"It's pretty messed up that the U.S. government treats these shootings like they would a natural disaster," as if these rampages "were something that can't be prevented," he said.
Joseph LaRocca, senior adviser at the National Retail Federation, a Washington-based trade group, said he approached the department about doing the booklet after a gunman killed eight and took his own life at the Westroads Mall in Omaha, Neb., in December 2007. The department put out the booklet in October of the following year.
While the safety of retail employees and customers was the main reason, LaRocca said his members also were concerned about the legal liability they would face for not trying to do anything to minimize the loss of life during a rampage.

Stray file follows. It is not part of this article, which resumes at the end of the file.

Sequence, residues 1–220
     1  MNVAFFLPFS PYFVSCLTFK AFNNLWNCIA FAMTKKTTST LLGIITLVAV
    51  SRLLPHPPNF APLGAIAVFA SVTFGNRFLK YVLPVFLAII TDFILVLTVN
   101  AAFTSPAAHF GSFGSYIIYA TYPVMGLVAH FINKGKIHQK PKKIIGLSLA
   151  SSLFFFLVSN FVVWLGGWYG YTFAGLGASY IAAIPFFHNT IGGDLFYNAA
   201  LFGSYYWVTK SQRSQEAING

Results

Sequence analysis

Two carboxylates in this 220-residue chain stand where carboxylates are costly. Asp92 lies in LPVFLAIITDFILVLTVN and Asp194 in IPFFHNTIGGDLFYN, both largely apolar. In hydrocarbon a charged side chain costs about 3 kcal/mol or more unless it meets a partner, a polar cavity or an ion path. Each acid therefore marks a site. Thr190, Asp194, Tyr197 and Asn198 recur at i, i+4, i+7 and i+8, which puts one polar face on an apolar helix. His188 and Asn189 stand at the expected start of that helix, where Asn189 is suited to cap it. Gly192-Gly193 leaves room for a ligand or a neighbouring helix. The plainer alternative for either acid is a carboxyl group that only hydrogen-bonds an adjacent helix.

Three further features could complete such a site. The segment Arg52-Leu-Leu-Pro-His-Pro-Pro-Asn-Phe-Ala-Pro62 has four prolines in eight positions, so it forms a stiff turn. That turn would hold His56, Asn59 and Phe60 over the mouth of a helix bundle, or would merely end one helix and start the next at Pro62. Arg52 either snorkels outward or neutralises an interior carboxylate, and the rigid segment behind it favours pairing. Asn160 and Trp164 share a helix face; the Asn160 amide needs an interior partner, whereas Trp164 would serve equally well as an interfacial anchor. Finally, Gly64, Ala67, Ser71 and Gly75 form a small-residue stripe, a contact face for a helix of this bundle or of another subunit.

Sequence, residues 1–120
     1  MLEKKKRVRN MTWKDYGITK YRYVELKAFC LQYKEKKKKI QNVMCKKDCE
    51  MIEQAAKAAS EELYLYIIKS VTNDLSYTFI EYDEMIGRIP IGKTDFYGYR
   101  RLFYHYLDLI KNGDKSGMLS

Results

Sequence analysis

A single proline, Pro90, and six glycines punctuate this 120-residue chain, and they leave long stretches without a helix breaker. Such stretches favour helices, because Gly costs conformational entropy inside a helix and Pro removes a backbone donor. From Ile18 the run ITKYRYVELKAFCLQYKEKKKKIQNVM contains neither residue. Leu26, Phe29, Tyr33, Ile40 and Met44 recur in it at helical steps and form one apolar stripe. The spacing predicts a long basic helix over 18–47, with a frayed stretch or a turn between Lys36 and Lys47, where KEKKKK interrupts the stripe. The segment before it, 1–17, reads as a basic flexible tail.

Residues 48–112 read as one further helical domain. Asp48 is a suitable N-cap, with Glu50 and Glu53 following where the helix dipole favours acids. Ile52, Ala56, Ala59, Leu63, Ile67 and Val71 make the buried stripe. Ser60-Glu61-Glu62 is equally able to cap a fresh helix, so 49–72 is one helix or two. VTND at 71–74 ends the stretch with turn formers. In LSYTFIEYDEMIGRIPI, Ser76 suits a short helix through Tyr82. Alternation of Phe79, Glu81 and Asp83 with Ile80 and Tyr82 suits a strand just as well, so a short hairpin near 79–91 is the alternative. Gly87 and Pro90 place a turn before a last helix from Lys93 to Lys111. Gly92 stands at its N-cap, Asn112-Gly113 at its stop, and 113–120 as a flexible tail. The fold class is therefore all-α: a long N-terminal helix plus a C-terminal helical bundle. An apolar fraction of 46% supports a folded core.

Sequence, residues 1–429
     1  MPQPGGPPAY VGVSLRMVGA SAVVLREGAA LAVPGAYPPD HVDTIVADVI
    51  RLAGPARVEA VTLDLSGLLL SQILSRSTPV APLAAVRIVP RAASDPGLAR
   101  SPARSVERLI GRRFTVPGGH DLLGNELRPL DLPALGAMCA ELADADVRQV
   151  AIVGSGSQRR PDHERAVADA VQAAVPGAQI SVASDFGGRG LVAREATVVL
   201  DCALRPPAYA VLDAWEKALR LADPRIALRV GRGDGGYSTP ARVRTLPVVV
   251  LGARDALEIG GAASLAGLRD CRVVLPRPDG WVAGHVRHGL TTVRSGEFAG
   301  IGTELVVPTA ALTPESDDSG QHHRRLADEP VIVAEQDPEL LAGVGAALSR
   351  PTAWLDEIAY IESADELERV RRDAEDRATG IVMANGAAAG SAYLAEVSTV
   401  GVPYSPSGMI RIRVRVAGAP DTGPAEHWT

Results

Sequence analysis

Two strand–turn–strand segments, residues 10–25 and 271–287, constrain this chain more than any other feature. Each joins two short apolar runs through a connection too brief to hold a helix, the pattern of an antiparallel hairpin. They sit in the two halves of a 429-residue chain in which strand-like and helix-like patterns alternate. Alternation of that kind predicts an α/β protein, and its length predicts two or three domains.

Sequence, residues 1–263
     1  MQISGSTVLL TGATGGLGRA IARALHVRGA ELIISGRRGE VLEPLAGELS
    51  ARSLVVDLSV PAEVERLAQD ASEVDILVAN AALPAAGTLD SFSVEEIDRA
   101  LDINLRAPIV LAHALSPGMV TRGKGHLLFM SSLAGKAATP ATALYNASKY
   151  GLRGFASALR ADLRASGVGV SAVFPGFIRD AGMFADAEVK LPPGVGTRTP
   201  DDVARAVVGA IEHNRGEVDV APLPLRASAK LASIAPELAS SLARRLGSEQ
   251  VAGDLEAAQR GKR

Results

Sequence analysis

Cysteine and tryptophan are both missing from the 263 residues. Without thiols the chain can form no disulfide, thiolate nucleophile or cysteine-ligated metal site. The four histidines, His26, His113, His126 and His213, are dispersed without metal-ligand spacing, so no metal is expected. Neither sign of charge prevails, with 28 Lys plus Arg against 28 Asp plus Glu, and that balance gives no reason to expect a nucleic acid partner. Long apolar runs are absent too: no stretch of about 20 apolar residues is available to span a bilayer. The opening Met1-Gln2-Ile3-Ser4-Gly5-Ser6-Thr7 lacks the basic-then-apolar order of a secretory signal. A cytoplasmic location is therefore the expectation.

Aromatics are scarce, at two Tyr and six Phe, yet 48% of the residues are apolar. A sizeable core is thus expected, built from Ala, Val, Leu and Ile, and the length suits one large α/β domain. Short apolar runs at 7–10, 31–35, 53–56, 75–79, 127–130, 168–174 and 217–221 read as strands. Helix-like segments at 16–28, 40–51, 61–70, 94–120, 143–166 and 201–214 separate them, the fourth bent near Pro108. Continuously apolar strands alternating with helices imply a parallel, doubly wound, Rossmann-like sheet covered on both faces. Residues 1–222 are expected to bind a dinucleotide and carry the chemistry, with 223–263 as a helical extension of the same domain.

Boogaard declined to comment on how much the booklet or other materials cost to develop.
In the booklet, the reader is advised to "take note of the two nearest exits in any facility to visit" so you're not caught flat-footed and "evacuate regardless of whether others agree to follow."
Such advice in the booklet just sounds like common sense, Goddard said. Still, not everyone follows common sense, and some of the shoppers at Westroads moved toward the sound of gunshots, putting themselves in the line of fire, LaRocca said.
In the booklet, the department advises people to remember to keep their hands visible and spread their fingers so police arriving on the scene don't mistake them for the shooter.
If escape is impossible, silence cell phones and find a safe room where the door can be blockaded with furniture.
Students in some of the other Virginia Tech classrooms were able to move their teachers' heavy desks in front of the door, keeping Cho at bay, Goddard said.